Last week while at the National Coffee Association Convention (NCA), Ms. Andi Trindle Mersch from Philz Coffee spoke about their made-to-order brand and customer service model, Philz’s “thing” that sets them apart. She also broke the news that cold brew may be coming soon to a Philz shop near you! This isn’t a recorded session living online, so please allow us to reflect and expand upon her words.
Philz’s Made-to-Order Brand Model: In our experience, whenever a customer walks up to a Philz coffee shop counter, they are greeted joyfully, asked for their order — a choice between one of the roasts – light, medium or dark — and then, between sweet or creamy. Once the coffee is made, the customer is always asked if it’s too sweet or creamy or just right. One gets the feeling that it’s truly made for you. In the era of customization, especially for the millennial generation, by asking if the order tastes okay or if it needs adjusting, Philz creates the opening for a second chance. It’s a welcomed chance for the customer to say, “hey, this isn’t quite right, can you fix it before I accept it?” Giving the customer this level of power gives them more ownership of their experience, their coffee and, their day.
We’re reminded of the scene in You’ve Got Mail when Tom Hanks is in Starbucks (watch here) ordering a drink:
“The whole purpose of places like Starbucks is for people with no decision-making ability whatsoever to make six decisions just to buy one cup of coffee. Short. Tall. Light. Dark. Caff. Decaf. Low-fat. Non-fat. Etc. So, people who don’t know what the h*** they’re doing, or who on Earth they are, can, for only $2.95, get not just a cup of coffee, but an absolutely defining sense of self. Tall. Decaf. Cappuccino.“
Philz has taken this “defining self of self” a step further and not only provided self awareness but a right of refusal, or right of adjustment. We could get really introspective or analytical here and say, wait a minute, have we gone too far? What’s next? Is this how it should be in restaurants? The waiter brings my mac-n-cheese and I am able to try it and say, “hmm, this needs a little more salt” and the waiter happily brings it back to the kitchen for the chef to season and return back to the table? Point taken…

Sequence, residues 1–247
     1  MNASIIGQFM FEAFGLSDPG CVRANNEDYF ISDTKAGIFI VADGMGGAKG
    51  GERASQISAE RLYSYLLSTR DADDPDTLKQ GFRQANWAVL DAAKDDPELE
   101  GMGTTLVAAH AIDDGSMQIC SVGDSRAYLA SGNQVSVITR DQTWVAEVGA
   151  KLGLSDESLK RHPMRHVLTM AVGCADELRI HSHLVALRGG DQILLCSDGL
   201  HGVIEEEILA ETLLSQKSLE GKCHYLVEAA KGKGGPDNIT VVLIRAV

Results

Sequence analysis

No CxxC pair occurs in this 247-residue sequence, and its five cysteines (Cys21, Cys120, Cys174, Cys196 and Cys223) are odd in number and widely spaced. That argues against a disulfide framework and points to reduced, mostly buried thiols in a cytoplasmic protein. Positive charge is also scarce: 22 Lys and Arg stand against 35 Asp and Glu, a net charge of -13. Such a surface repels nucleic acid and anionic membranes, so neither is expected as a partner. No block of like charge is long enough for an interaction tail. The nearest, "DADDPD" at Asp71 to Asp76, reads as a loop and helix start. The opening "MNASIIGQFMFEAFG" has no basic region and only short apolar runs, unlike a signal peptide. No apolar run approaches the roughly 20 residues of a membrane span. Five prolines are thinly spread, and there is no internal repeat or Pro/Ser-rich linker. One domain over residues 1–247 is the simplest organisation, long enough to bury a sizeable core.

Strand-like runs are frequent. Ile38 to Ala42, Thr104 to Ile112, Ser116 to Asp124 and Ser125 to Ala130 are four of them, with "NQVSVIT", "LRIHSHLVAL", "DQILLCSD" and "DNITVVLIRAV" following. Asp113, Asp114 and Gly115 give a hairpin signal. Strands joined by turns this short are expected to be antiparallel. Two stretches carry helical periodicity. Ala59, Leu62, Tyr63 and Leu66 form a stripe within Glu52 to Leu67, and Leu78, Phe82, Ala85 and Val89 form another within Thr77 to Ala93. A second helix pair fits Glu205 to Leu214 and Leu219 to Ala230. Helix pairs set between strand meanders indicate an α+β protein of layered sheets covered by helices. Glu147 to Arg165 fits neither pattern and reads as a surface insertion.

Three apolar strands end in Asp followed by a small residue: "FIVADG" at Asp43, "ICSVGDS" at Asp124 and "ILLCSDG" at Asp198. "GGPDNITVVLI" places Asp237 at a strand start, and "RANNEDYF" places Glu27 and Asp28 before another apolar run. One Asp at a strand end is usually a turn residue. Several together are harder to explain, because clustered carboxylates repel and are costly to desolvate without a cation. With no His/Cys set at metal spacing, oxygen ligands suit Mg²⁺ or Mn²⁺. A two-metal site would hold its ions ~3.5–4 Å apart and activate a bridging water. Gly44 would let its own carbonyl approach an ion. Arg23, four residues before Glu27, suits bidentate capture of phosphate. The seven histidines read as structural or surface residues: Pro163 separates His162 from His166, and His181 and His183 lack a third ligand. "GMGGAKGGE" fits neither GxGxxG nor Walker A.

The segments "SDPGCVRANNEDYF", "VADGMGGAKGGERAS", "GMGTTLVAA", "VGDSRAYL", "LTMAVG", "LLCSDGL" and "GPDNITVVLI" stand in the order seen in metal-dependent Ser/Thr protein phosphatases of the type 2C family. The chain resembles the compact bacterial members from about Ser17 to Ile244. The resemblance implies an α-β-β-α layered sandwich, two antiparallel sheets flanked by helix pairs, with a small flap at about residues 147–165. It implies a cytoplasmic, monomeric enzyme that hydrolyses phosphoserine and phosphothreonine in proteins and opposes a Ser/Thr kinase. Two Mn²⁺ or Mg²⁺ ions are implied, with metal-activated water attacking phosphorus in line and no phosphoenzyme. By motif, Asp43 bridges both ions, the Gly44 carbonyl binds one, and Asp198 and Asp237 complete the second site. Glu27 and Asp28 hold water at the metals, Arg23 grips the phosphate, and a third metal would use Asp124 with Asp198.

However. No; this is coffee.
In a coffee shop like Philz, the logistics and optics are different. A customization model appears to work for Philz, within specific parameters of course. At NCA, Mersch described how at a certain point, there was an issue with long lines in their stores; customization takes more time. But the new Philz mobile app with online ordering helped with that, she explained. Mersch then broke the news at NCA that cold brew could be coming to Philz stores this year (!). What the customer doesn’t see, however, she said, is the x number of failed trials that it takes to introduce a new product or concept at Philz, or in any company for that matter. The failed attempts. The test phases. And finally, the go/no-go scenarios. Mersch told the audience that Philz is facing difficulty with cold brew because even as customers are demanding it in stores, cold brew and customization clash. Cold brew coffee is not only cold, requiring different logistical edits e.g. storage, but it’s frequently consumed black – not sweet or creamy. What does this mean for Philz? Will it work? How will cold brew be customized? We’ll have to wait and see.
So, what can learn from Philz’s unique model of customer service? Many coffee shops aren’t going to copy Philz and add the “does it taste okay?” question to their customer service model. But as a consumer, let us reflect.
Most simply, it’s clear from Philz that it’s great to be open to feedback. Philz gives us a good metaphor for living. Too sweet? More cream? Less sweet? Maybe there truly are more than enough options/scenarios for all of us. Coffee isn’t always black or always taken sweet. Nor is life always black and white. The most preferred, best tasting, most unique cup of coffee, or “just right” anything, is just a conversation away. Sometimes, just a dash of adjustment is all it takes. Or maybe you need an entirely new brew. Maybe your first order wasn’t perfect but the next one could be. Yes, getting there requires more time and feedback, but the outcome will probably be better and (perhaps) you’ll feel more invested because you voted for it.
The thing is, it’s so easy to just accept what’s given to us, but remembering your power to adjust and pivot is what’s up to you. This holds true in a coffee shop order and in life.
Sure, Philz has given customers the real space for this power of choice, but customers always hold the scepter. You’re the sovereign and your coffee experience serves as the proverbial royal court. Drink your coffee your way.
Maybe that’s one strong reason why all of us love ordering and drinking coffee so much; when we drink coffee, we’re able to be sovereign and yet connected. Connected to the land, the coffee producer, the coffee shop barista, the friends we chat with while sipping coffee, and most deeply, to ourselves.
Now that’s a timecupsoul. Have a wonderful weekend.
This post is not sponsored.